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When Recipes Go Awry


FOOD FOR THOUGHT - October 6, 2004
Mark R. Vogel - - Archive of other articles by Mark Vogel

Have you ever watched some celebrity chef effortlessly whip up some yummy looking dish on TV? You then try the recipe yourself but uh oh, it doesn’t come out like on TV. As you scratch your head and retrace your steps, you begin to realize those 30 minute TV concoctions are not as simple as they seem.  What went wrong?  The answer lurks in equipment, ingredients, methodology, and expertise.

     Let’s start with hardware.  I doubt you are using the exact same equipment as the TV chef. There are huge contrasts between cooking vessels. I’m often asked if the expensive professional cookware I use at home is really better than the average cookware set.  Hands down, the answer is Yes.  But the issue is not that it cooks food better per se. The point is that any two pieces of equipment, even two of the same quality, will cook food differently.  Cooking is chemistry in action and even slight deviations in the material composition, size, or shape of two pans, can alter the final result. 

     Even identical hardware can vary from piece to piece. Last night I made two trays of crostini at the restaurant I work at. Each tray was identical in terms of the tray itself, the number and shape of the crostini, and the amount of olive oil I sprayed on them. I put each tray into one of two identical ovens, at the same time, at the same preheated temperature, each on a rack the same distance from the base of the oven.  When I checked on them, one tray had burned and the other was perfect.  Obviously a temperature contrariety exists between the two ovens.  Similarly, the heat on the tops of stoves deviates in terms of the power source, as well as the temperature, size and shape of the flame.

     A world of variations exist within the nature of the ingredients, of which quality is only the beginning. Putting aside the fact that the TV show procures top-notch products from the best purveyors, food items fluctuate on many other dimensions.  Vegetables can vary in chemical composition and water content based on time of year, cultivation methods, and where and when they were planted. The biological properties of meat, fowl, and fish can diverge based on the animal’s environment, diet, age when harvested, and the addition of byproducts to name a few. Even sections of flesh from the same animal differ based on anatomical and biophysical elements.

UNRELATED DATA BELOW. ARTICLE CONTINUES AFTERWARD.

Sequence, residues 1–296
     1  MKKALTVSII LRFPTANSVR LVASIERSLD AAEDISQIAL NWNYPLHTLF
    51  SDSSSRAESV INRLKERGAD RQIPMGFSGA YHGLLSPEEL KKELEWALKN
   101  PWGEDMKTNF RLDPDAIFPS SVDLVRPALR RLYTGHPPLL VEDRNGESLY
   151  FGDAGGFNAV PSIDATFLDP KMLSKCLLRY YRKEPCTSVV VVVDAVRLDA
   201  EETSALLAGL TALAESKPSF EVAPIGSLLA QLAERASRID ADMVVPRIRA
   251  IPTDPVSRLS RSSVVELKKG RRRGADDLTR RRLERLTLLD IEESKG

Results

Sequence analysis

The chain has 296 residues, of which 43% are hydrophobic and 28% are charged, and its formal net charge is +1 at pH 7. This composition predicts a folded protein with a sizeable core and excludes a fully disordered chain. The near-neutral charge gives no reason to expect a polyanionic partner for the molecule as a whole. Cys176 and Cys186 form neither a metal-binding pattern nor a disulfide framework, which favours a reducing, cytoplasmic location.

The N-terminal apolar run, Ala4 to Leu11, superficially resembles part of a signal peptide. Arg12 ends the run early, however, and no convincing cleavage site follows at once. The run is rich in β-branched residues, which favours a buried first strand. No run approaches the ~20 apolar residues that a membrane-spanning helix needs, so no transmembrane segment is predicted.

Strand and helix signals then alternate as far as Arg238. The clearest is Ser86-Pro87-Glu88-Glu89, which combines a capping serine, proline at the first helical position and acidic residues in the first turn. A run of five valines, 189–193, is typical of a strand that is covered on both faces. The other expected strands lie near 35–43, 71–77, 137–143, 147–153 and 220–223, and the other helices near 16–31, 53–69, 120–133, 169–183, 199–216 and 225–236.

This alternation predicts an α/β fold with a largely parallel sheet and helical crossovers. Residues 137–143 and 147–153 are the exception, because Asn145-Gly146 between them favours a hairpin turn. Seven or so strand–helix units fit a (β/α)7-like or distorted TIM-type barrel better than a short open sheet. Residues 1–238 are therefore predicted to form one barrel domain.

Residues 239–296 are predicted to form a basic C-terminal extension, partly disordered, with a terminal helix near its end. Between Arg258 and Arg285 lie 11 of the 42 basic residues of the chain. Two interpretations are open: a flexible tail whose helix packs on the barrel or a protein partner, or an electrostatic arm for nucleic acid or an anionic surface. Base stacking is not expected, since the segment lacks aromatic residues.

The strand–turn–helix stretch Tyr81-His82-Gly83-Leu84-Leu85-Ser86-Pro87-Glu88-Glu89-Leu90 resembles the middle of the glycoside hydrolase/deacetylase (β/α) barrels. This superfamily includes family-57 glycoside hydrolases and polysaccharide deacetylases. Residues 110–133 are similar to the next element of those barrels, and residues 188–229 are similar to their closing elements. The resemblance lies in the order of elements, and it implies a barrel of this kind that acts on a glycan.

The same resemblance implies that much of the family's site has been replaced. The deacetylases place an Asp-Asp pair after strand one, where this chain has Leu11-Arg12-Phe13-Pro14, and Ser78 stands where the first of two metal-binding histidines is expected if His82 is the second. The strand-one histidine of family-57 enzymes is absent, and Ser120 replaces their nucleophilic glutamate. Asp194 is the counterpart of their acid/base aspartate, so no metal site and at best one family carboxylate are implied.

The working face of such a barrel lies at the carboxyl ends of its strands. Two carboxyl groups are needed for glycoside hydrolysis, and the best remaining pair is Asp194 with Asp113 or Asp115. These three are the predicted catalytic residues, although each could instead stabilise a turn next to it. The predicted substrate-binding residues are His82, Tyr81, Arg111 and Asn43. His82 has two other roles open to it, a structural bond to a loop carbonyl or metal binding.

There are countless nuances in the methodology realm. If you so much as place four chicken cutlets in a skillet to be pan-fried as opposed to three, you will change the rate at which they cook.


Every single step you take in preparing a recipe has alternative options that can affect the finished product. Consider pasta preparation.  The amount of water, the amount of salt, when you add the pasta, how much pasta, when you remove it, how you drain it, and how soon it finds its way to the sauce are all variables.  Not to mention the stove, pot, chemical properties of the water, and brand of pasta.  Are you starting to feel overwhelmed? This is why cooking frightens some people.

     This discussion should be bringing you to the inescapable realization of how much a cook’s expertise plays a role.  An experienced chef is more knowledgeable about these factors, how to exploit the ones that are to his advantage, and how to compensate for those that are not.

     You must also remember that the dish you are trying to replicate for the first time has probably been made by the TV chef a gazillion times. (You also don’t see the inevitable errant dishes that are edited out and redone). Cooking is a skill, complicated by a ponderous array of intermingling variables. Mastering such a fickle endeavor takes practice. Knowledge, although vital, will only take you so far.  Cooking is a process that requires a “feel”, an intangible know-how that only comes with repeated exposure. We could beat to death the physics of hitting a baseball, including equipment factors, human biology, psychological influences, etc. etc. etc. But the bottom line is you would have to practice it repeatedly to become deft at it.

     But I want you to remain undaunted in the face of adversity. My reason for elucidating the overbearing number of variables is not to intimidate you, but to educate you. Learning the facts is the starting point.  Then, take your ever-growing knowledge and apply it, over and over again.  Keep making that recipe till you master it on your cookware in your kitchen. Do not get discouraged.  As cliché as it sounds, this is definitely an arena where we learn from our mistakes.  No more burning crostini in that one oven for me.

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